11.09.07 |

Submission: Moneytheism Book Project
Website: http://www.staplecrop.com

There is perhaps nothing that we exchange more as tangible objects than currency.

For the first 6 years of my life my family lived in a suburban neighborhood, complete with two cul-de-sacs. In our neighborhood lived a woman who saved up pennies throughout the year and offered them up by handfuls to children each Halloween. I’m sure it could never have been more than 20 cents to a small 5 year old hand, but 20 was more than I had had when I set out. Unlike the bag of treats I’d tote around the rest of the evening, the peanut butter black and orange or the Hershey’s Special Dark which I detested, I could trade the 20 cents in for sweets that I actually wanted; there was still a dime store.

The toothfairy was comparable; it moved me from copper with its miniscule Lincoln sitting in his monument into silver. The complex ability to conceive that something the size of a quarter held just as much promise as 25 copper pieces, and to marvel that a dime is even smaller than a penny!

Receiving money was an annual event. Each year a birthday card from my grandmother would include a five-dollar bill. A five-dollar bill as an eight-year-old was seemingly incomprehensible, whereas a five-dollar bill to an 18 year old became more like a cherished object from a grandmother who wouldn’t be around much longer; I even stopped spending them. Their worth as an object subsumed their monetary worth like the bicentennial quarters that are worth more than 25 cents and the strange 2 dollar bills which no one seems to know what to do with.

Somewhere around my early teens, was the first Christmas that I received a hundred dollar bill in lieu of gifts from my dad. It wasn’t a gesture of his not being able to come up with an idea for a gift (though I’m sure that had something to do with ease), but it was a perfect gift. Having a hundred dollar bill made me wonder if anything could be so important or needed as to break it up into pieces where every fragment becomes more apt to be spent.

Living for awhile in Antwerp, Belgium, in an Orthodox Jewish neighborhood, it took me awhile to realize that I was to offer my money on the tray set out for me on the counter and then expect it back in the same manner; contactless. In New Zealand the paper money is plastic; it doesn’t keep a fold well, melts and shrinks if heated and is seemingly another step away from real. In terms of worth however, it is just as abstract as the pulpy variety. On a recent trip to Japan I marveled at their presenting change to me formally, with both hands, as if what I was being returned was somehow special or a gesture instead of something that I was owed. There are significant moments around this exchange; at a drive-through window where fingers and palms touch, or where wishes are made at a fountain or a well or where luck begins by finding coins on the ground.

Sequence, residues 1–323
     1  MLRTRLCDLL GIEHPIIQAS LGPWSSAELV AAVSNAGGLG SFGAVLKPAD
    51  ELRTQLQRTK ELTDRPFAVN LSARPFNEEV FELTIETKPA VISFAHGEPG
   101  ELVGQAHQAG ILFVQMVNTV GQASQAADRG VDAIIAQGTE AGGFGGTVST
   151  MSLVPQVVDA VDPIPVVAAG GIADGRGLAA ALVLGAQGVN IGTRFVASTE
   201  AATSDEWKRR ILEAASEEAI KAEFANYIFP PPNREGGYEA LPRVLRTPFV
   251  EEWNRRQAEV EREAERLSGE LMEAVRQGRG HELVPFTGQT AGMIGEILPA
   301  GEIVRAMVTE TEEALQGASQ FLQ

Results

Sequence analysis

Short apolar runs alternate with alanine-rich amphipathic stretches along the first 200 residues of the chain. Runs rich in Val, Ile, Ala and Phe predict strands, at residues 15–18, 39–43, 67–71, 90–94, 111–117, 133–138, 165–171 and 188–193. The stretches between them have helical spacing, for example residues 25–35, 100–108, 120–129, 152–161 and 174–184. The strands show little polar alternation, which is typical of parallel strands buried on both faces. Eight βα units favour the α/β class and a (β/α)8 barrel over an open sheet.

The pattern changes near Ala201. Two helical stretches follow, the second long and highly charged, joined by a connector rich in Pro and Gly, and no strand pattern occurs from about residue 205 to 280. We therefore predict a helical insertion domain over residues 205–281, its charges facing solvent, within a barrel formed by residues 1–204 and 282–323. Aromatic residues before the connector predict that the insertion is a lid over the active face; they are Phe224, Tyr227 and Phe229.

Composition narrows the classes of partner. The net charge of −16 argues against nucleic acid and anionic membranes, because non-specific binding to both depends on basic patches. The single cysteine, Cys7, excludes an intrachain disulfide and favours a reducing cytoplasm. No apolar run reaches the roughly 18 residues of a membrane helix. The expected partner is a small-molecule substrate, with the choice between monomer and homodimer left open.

Paper currency, so very intricate visually, is dulled by use. Not dulled in the sense of the imagery losing its crispness or the loss of meaning, but dulled in the sense that the design becomes bland and ordinary, commonplace. There is such an absentminded trust at work when utilizing the currency of our day to day lives that when traveling, there is always a moment back in the hotel room where I empty my pockets, sit on the side of the bed and look at what I’ve been spending. Fanning out the often multi-colored bills, I marvel at the fine lines, the micro-printing, the watermarks, the engraved famous face captured in a particular way, the language used, the denomination and attempt to translate that amount back into something familiar. I reduce the appealing design back into my comforting dull. Attempting to do, what I did as a child; make a dime worth more than a penny.

In addition to this text, designs for new international currency denominations done by students from my second-year integration graphic’s class were submitted.

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